Meanwhile, Donald continues to cause mischief, grabbing a batch of pies from an open window and shoving one in Pete’s face. He leads the sergeant in a chase all around the camp, sending Pete flying into the arsenal, grabbing as many grenades as he can carry and throwing them around madly. The General tries to stop him, but Pete ends up blowing the both of them up when he drops all the grenades. Pete is then seen in solitary confinement, sitting in a padded cell with a straight jacket on. He implores Donald, his now-visible guard, to tell the General that he’s not crazy, to which Donald answers, “Do you think I’m crazy?”

September 24

September 24, 1936 – Creator of the Muppets and Disney Legend Jim Henson is Born

“One of the things Jim did, in that amazing career, was to really remake puppetry…and nobody had ever made that same transition with puppet theater.”- Jerry Juhl, Muppet head writer

On September 24, 1936, James Maury Henson was born in Greenville, Mississippi. In the late ’40s, the Henson family moved to Hyattsville, Maryland, and Henson later attended school at the University of Maryland. While attending college, he began working on a five-minute puppet show called Sam and Friends. “The magic of what television was is what first made me want to work in television, and puppetry was just a way of getting a job on a television station…television was in its early days,” Henson said about working in television at the time, “so I made a couple of puppets and auditioned, and got a job, and that’s kind of how it all started.” One of the characters on Sam and Friends would be the prototype for Henson’s most famous character, Kermit the Frog. The show had a huge following in the D.C. Metro area, and around this time, Henson began working with Jane Nebel, the woman who would eventually become his wife.

The success of Sam and Friends led to appearances of Henson’s Muppets on talk and variety shows, including The Jack Parr Show and The Ed Sullivan Show. The Muppets were also used for a variety of commercials, including a popular set of commercials for Wilkins Coffee in Washington D.C. In 1963, the Hensons moved to New York and set up Muppets, Inc., and Henson hired Jerry Juhl as a writer, and Frank Oz as a puppeteer. Oz would go on to create a close friendship and partnership with Henson, as seen in the pairings of Bert and Ernie, and Kermit and Fozzie. At this time, Henson created the character of Rowlf, an anthropomorphic dog that played the piano and appeared on The Jimmy Dean Show. “The exposure of Rowlf was pretty significant, I think,” Oz said. “It was the first real country-wide acceptance of one of Jim’s characters.”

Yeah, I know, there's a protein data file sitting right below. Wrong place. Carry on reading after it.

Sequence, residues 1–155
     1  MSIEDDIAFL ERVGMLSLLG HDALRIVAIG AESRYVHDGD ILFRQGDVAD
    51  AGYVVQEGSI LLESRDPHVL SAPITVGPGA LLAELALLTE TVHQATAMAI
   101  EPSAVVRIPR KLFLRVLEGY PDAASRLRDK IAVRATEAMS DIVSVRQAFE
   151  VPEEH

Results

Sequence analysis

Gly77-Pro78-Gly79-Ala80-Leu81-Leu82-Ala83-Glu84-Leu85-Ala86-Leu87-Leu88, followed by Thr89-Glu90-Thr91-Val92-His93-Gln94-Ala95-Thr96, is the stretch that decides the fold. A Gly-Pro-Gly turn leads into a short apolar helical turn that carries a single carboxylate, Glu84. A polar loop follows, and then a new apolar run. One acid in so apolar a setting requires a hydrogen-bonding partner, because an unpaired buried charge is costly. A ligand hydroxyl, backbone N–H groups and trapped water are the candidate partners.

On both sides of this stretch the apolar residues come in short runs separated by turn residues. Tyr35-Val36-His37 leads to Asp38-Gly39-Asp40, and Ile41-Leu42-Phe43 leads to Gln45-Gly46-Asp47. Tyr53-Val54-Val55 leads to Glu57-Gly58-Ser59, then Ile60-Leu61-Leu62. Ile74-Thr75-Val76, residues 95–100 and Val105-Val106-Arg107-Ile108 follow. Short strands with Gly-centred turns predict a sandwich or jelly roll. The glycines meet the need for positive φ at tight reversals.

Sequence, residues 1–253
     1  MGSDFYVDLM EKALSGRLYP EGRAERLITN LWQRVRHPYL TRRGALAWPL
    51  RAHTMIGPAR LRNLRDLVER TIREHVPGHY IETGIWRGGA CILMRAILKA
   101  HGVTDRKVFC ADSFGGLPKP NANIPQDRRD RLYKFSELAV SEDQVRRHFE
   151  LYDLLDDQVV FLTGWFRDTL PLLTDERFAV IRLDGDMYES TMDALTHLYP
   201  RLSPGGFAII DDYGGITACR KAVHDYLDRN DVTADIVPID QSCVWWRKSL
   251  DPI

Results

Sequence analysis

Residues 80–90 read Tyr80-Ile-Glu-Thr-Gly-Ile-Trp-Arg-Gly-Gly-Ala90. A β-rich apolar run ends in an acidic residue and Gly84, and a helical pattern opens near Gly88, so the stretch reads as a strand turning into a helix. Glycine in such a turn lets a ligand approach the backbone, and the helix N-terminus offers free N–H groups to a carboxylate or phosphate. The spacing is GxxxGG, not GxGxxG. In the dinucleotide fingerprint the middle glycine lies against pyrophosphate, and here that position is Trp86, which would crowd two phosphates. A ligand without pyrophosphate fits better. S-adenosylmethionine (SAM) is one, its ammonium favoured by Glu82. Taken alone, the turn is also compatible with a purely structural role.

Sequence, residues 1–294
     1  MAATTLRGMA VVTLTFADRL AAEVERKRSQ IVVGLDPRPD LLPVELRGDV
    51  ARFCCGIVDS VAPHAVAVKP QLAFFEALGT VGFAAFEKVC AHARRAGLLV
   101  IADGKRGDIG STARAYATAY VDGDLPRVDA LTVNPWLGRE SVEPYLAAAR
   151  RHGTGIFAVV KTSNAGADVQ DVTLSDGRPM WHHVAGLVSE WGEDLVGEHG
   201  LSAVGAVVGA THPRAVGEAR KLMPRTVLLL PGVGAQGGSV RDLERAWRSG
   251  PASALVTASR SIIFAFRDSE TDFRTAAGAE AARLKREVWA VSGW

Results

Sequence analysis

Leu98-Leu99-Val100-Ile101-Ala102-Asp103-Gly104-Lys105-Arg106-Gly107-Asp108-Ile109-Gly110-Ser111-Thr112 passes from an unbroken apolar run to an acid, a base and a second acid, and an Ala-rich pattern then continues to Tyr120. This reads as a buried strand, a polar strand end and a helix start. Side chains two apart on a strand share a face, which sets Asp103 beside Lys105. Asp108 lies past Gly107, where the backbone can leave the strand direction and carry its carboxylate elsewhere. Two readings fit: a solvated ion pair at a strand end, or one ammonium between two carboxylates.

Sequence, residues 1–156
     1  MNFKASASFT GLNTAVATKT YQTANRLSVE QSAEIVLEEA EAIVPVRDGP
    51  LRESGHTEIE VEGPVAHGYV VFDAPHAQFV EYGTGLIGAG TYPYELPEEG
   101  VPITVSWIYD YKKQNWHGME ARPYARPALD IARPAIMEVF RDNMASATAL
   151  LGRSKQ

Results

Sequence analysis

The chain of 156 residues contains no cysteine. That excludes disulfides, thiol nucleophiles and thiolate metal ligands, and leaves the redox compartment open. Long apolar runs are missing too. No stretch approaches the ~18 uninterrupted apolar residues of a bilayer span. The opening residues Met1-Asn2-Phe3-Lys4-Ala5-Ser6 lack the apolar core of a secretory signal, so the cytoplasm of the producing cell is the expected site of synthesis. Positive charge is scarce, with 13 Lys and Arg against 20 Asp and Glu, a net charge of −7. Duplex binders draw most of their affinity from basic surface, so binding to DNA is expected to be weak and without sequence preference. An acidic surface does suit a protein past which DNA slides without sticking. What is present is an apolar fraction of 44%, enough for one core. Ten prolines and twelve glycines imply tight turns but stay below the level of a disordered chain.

Henson and his alter-ego, Kermit

In 1969, Henson was asked by the team at the Children’s Television Workshop to work on a children’s program for public television. This would turn into the wildly successful show Sesame Street. Its success allowed Henson to get out of creating commercials. While working on Sesame Street, Henson and his team continued to develop sketches for adults, as the company did not want to be typecast as a creator of only children’s entertainment. One of the projects developed was a weekly show that was rejected by American networks, who only saw it as more children’s television. Henson convinced British media impresario Lew Grade to finance the venture, and The Muppet Show aired its first episode on September 13, 1976. The show introduced the characters of Miss Piggy, Gonzo, and Fozzie Bear, and gave Kermit the role of the host. Kermit has been seen as Henson’s alter-ego, much as Mickey Mouse has been seen as the alter-ego of Walt Disney.

In 1979, Henson made his foray into feature films with The Muppet Movie, which was a success both critically and financially. The film was followed with The Great Muppet Caper. After the success of the latter film, The Muppet Show was brought to an end so Henson could focus on more feature films, which included The Dark Crystal, The Muppets Take Manhattan, and Labyrinth. In 1989, Henson entered into negotiations with the Walt Disney Company to handle the business side of the Muppets while he spent more time on the creative side. Several projects were completed at this time, including a television special, The Muppets at Walt Disney World, and a Walt Disney World attraction called Jim Henson’s Muppet*Vision 3D (a still present and popular attraction) [See August 28th entry for more information]. Unfortunately, Henson died before the deal was completed (a new deal would be reached in 2004).

On May 16, 1990, Henson passed away at the age of 53. He was awarded as a Disney Legend in 2011.